Lawsuit alleges Livermore City Council deliberately undermined measure to lower health care costs

Livermore Mayor John Marchand sought assurances from health care providers who opposed a ballot measure limiting health care costs while composing the initiative's ballot question

During a Livermore City Council meeting last month to approve the placing of an initiative on the November ballot that could significantly lower health care costs for its residents, city officials deliberately created a ballot question to undermine the measure, according to a lawsuit filed Aug. 2 by the union supporting it.

In an extraordinary back and forth at the July 23 meeting in which Livermore councilmembers appeared to purposefully impart their own political agenda into the wording of the ballot question, Livermore Mayor John Marchand concluded several rounds of wordsmithing by asking opponents of the initiative, Stanford Health Care CEO Scott Gregerson and their attorney, Curt Kirschner, “Are we on the right track with this?”

It’s not the first time Stanford Health Care and other local providers have attempted to thwart the ballot measure backed by SEIU-United Healthcare Workers West. The measure seeks to limit the amount health care facilities in Livermore can charge patients to 15 percent above its actual costs. Providers like ValleyCare Hospital in Livermore, which is owned by Stanford Health Care, would be penalized for charging more than the 15 percent threshold with the overage refunded to the payer.

“We’ve got to make sure this doesn’t prevail.-Livermore Councilmember Bob Woerner’s comments July 23 are included in the SEIU-UHW lawsuit

The potential hit to Stanford Health Care’s bottom line precipitated their own lawsuit to invalidate the ballot measure last month. A state appeals court, however, denied their motion on July 11. Stanford Health Care CEO Gregerson, in a letter to the council, subsequently urged Livermore councilmembers to reject a ballot question proposed by its city attorney. Although Livermore City Attorney Jason Alcala disagreed that the ballot question merited revisions, an alternative was nonetheless composed for the council in advance of the July 23 meeting.

State election law requires that a ballot question–the passage appearing on the ballot that briefly describes the initiative–be true and impartial. It also forbids language that might “create prejudice, for or against the measure.”

But Livermore councilmembers were extremely transparent in their opposition of the ballot measure that occurred in open session. They continually injected proposed language intended to undermine the measure, even though, one councilmember noted the partisan language being proposed was a better fit for the city’s rebuttal argument that appears in the voter guide published by the Alameda County Registrar of Voter this fall.

“I think this is the most serious threat to our quality of life that I’ve ever seen. I think we got to do what we can do to defeat this, frankly,” said Councilmember Bob Woerner. He later added, “We’ve got to make sure this doesn’t prevail.”

The original ballot question proposed by the city attorney and supported by the union, states, “Shall the measure regulating and limiting the amounts that specified hospitals, medical clinics, and other health care providers in Livermore may charge patients for healht care services in Livermore be adopted?”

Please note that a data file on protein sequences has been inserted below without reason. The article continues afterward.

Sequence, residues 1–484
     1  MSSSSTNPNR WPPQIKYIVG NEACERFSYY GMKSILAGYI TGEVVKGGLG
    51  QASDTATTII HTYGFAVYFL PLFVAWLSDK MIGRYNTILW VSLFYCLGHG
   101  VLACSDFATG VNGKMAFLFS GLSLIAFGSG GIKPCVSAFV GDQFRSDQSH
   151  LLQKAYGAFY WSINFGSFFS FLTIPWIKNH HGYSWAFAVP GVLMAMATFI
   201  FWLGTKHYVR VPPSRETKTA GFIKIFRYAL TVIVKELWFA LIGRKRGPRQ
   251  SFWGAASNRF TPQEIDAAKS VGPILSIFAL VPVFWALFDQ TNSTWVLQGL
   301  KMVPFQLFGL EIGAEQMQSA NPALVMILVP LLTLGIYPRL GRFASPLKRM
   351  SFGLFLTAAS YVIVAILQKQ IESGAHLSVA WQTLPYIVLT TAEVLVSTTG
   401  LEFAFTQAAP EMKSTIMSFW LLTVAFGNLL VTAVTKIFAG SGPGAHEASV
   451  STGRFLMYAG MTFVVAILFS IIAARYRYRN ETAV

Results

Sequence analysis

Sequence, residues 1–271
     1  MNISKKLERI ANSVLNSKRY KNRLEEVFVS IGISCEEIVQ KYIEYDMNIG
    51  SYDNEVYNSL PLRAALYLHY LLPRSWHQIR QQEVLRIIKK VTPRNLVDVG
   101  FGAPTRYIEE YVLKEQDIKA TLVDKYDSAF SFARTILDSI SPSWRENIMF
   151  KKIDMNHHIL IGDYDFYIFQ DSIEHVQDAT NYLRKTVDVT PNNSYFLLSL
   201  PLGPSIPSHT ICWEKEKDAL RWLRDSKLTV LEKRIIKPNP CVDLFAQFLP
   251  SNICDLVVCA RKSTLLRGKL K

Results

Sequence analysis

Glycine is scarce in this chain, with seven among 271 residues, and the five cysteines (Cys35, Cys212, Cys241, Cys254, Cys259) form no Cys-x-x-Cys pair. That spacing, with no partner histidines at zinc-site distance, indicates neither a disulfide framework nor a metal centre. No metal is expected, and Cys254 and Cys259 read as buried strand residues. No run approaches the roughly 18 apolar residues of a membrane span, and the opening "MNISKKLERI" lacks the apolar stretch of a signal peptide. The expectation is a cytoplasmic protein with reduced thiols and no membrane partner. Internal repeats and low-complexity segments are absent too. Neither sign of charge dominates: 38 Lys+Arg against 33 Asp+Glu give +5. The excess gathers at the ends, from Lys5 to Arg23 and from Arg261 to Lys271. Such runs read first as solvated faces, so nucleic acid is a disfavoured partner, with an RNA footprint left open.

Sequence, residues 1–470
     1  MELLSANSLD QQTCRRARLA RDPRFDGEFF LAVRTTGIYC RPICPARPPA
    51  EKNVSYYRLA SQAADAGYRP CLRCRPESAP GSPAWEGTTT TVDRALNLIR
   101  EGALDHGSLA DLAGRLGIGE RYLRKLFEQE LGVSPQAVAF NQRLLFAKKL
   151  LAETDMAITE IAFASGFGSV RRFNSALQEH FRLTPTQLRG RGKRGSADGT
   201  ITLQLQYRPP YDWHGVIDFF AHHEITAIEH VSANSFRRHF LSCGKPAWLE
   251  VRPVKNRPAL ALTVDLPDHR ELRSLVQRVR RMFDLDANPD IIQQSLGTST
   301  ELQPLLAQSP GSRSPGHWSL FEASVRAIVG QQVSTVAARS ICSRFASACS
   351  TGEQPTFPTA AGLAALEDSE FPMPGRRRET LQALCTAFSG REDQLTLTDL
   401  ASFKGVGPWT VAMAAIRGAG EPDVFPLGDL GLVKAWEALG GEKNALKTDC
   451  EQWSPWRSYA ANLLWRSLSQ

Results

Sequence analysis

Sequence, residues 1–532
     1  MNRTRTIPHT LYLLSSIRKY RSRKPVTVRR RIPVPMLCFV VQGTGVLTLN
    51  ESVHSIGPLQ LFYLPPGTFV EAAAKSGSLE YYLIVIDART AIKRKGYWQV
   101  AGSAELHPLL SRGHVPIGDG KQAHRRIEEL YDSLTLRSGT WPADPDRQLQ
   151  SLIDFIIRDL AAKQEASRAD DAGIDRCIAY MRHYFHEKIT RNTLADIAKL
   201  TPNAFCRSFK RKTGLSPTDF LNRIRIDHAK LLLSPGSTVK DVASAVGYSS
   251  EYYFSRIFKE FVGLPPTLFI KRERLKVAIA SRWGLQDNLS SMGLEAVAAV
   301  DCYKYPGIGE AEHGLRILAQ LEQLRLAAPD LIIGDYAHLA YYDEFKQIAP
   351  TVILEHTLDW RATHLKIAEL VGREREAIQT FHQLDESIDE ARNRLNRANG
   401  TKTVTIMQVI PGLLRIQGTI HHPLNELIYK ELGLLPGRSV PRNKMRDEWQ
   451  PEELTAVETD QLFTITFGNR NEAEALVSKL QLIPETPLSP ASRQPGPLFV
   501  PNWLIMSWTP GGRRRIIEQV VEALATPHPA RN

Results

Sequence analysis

The council’s ballot question on July 23, inserted language that SEIU-UHW’s lawsuits argues is false and misleading.”Shall the measure requiring the City of Livermore to bear the cost of developing¬† and enforcing regulations limiting the amounts for medical services that specified hospitals, medical clinics, dentists, and other health care providers in Livermore may bill patients, or insurers, excluding Medicare and Medicaid, be adopted?”

The SEIU-UHW lawsuit asserts that Livermore councilmembers were bias in their inclusion of language in the ballot question. One example, is public testimony at the July 23 meeting by Stanford Health Care’s attorney urging the council to includes phrasing that the measure excludes Medicare and Medicaid patients. The lawsuit also argues the council-approved ballot measure is patently false.

According to the lawsuit, the ballot measure does not create a new government bureaucracy as some councilmembers asserted during the public meeting. “The ballot question, as adopted, is a partisan statement against the Initiative expressing the animus and anti-regulatory sentiment expressed by the Mayor, City Council, and other opponents during the meeting,” according to the lawsuit. “As Mayor Marchand stated, ‘it’s like more government regulation which we don’t need.'”

Palo Alto, and possibly Emeryville, voters will also have similar intiatives on the ballot this fall to regulate health care costs in their respecitive cities.

Voters in Alameda recently faced a battle of their own over the wording of a controversial ballot measure that somewhat echoes Livermore–at least, on its face.

The lawsuit hoped to block the Alameda City Council’s ballot question for a rent stabilziation charter amendement measure backed by landords from appearing on the November ballot. Its focus, however, stated an argument that some facts about the initiative were excluded from the question.

An Alameda County Superior Court judge last week denied a petition to remove the council-approved question from the ballot.

The argument in Livermore, though, appears to focus on willful intent by the City Council, through their public comments beforehand, to undermine the proposed initiative, in addition, to the inclusion of false and misleading information.

Meanwhile, time is quickly running out for the measure’s proponents. The deadline for finalizing ballot language in time for the November General Election is Aug. 27.

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